All of this makes sense to someone who looks to the Bible alone for their doctrine, or sola scriptura, as the Catholic church says us silly Protestants believe (“Protestant” incorporating very diverse beliefs yet used as a catch-all). Such a radical idea is this use of the Bible alone:

Sola scriptura (Latin ablative, "by Scripture alone") is the Protestant Christian doctrine that the Bible contains all knowledge necessary for salvation and holiness.

Where would this come from?

But continue thou in the things which thou hast learned and hast been assured of, knowing of whom thou hast learned them; And that from a child thou hast known the holy scriptures, which are able to make thee wise unto salvation through faith which is in Christ Jesus. All scripture is given by inspiration of God, and is profitable for doctrine, for reproof, for correction, for instruction in righteousness: That the man of God may be perfect, throughly furnished unto all good works. –II Timothy 3:14-17

Hmm, so it’s the holy scriptures that shows us the way of salvation and how to be capable of good works. Paul writes this to Timothy warning him to continue what he’s been taught from the scriptures because “evil men and seducers shall wax worse and worse, deceiving, and being deceived.” Such as telling us that following traditions of church teaching that have no biblical basis are necessary for a relationship with God.
            In fact, the Bible clearly takes position against that:

Beware lest any man spoil you through philosophy and vain deceit, after the tradition of men, after the rudiments of the world, and not after Christ. –Colossians 2:8

And if ye call on the Father, who without respect of persons judgeth according to every man's work, pass the time of your sojourning here in fear: Forasmuch as ye know that ye were not redeemed with corruptible things, as silver and gold, from your vain conversation received by tradition from your fathers; But with the precious blood of Christ, as of a lamb without blemish and without spot: Who verily was foreordained before the foundation of the world, but was manifest in these last times for you, Who by him do believe in God, that raised him up from the dead, and gave him glory; that your faith and hope might be in God. –I Peter 1:17-21

But in vain they do worship me, teaching for doctrines the commandments of men. –Matthew 15:9

            The Bible teaches that we are not redeemed with “vain conversation (actions) received by tradition from your fathers”, but with Christ’s blood; by HIM we believe in God. Teaching the commandments of men as doctrine is vain worship.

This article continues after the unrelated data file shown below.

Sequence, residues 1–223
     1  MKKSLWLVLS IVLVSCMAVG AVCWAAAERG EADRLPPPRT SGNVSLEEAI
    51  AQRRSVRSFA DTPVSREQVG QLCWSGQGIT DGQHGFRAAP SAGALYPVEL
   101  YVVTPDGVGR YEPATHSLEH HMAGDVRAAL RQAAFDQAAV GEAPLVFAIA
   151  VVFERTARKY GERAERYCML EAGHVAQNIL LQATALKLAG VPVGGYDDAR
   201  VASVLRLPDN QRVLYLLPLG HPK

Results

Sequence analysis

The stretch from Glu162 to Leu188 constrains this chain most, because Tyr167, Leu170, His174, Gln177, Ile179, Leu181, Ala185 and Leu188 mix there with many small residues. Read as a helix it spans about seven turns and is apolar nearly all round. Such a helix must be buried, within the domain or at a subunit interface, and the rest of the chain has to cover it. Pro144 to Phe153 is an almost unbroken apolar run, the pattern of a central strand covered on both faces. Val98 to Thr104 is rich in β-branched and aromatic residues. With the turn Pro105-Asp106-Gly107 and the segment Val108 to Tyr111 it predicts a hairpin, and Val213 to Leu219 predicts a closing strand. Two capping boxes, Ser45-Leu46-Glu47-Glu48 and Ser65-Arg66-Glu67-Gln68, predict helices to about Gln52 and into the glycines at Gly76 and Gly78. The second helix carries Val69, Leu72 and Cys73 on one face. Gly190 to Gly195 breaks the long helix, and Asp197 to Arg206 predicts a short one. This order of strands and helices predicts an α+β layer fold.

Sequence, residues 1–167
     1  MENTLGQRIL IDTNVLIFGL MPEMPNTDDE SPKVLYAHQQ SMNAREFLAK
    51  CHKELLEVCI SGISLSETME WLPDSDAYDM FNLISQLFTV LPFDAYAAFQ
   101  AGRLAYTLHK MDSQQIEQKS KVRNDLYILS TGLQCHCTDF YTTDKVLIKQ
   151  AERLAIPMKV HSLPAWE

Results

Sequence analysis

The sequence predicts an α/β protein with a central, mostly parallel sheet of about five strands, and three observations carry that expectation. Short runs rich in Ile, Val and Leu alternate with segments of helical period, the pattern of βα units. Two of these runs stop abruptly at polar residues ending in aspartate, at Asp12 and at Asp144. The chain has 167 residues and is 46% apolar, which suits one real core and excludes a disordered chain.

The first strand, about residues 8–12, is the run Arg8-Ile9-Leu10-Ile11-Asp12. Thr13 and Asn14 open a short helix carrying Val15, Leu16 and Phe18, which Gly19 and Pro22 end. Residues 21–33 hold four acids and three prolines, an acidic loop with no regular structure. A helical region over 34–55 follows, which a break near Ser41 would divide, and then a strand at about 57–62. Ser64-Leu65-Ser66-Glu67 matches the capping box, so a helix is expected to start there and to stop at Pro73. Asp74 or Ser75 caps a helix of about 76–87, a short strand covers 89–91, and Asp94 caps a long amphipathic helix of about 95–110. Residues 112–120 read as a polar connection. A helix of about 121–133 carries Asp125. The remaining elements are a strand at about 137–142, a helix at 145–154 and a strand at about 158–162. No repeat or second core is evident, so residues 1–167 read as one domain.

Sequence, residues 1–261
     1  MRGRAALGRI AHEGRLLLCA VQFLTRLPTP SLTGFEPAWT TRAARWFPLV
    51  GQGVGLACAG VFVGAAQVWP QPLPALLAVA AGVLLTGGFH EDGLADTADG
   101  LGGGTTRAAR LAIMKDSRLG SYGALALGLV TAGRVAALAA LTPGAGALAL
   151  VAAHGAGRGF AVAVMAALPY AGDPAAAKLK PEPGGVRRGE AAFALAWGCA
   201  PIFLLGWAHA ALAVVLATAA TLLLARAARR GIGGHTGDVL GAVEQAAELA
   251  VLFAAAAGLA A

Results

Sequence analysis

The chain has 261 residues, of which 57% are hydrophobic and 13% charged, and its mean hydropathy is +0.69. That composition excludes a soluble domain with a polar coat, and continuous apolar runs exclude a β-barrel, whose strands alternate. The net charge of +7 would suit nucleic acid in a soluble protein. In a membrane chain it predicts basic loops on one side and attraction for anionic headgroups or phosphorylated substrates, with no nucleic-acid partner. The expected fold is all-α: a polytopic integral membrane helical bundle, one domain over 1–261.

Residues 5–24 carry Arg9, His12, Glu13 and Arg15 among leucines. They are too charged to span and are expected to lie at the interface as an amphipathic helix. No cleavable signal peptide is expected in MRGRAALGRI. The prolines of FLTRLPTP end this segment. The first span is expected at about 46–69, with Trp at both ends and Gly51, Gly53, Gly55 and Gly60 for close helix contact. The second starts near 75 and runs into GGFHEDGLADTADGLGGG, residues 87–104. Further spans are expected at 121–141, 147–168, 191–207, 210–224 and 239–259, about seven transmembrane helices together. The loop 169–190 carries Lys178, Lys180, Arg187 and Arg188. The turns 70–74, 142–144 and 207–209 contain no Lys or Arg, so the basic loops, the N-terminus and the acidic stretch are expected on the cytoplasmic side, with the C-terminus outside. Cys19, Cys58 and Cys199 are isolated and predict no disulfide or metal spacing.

The stances of Pope Francis, some of which are not only unbiblical but against Catholic teaching as well, is of no matter to the believer. To the Catholic, it begs a number of questions. When does the leadership of a pope end and the authority of God’s Word begin? If the pope teaches something unbiblical, is he or the Bible right? If God leads the cardinals to choose the pope, what was going on?
            I believe God did lead the cardinals to choose this pope, because it opens doors. What if tradition does conflict with what God commands in the Bible? Who made these traditions? Men. Even the greatest spiritual men have faults, are imperfect. God is not only Holy, but promises that His Word will not pass away (Luke 21:33), and furthermore tells us that He has exalted it even above His name (Ps. 138:2). God makes no such promises on the words of men, instead saying that there will be false teachers only getting more frequent and worse as time goes on.
            The Catholic church claims it is infallible (and so am I, because I said so). This is based on the belief that “the gates of Hell shall not prevail against it”. The true church, the blood-bought children of God, will not be touched by Hell, because God has “delivered us from the power of darkness, and hath translated us into the kingdom of his dear Son: In whom we have redemption through his blood, even the forgiveness of sins…” (Col. 1:13-14). God will not allow His children to parish (something else the Bible is clear on and will be expounded in a later post). When did this infallibility begin? Paying enough money will take away time from purgatory, as will following Pope Francis on Twitter. The former was one more thing that resulted in the Protestant Reformation. The money rolled in as parishioners were deceived into believing their money was buying God’s favor.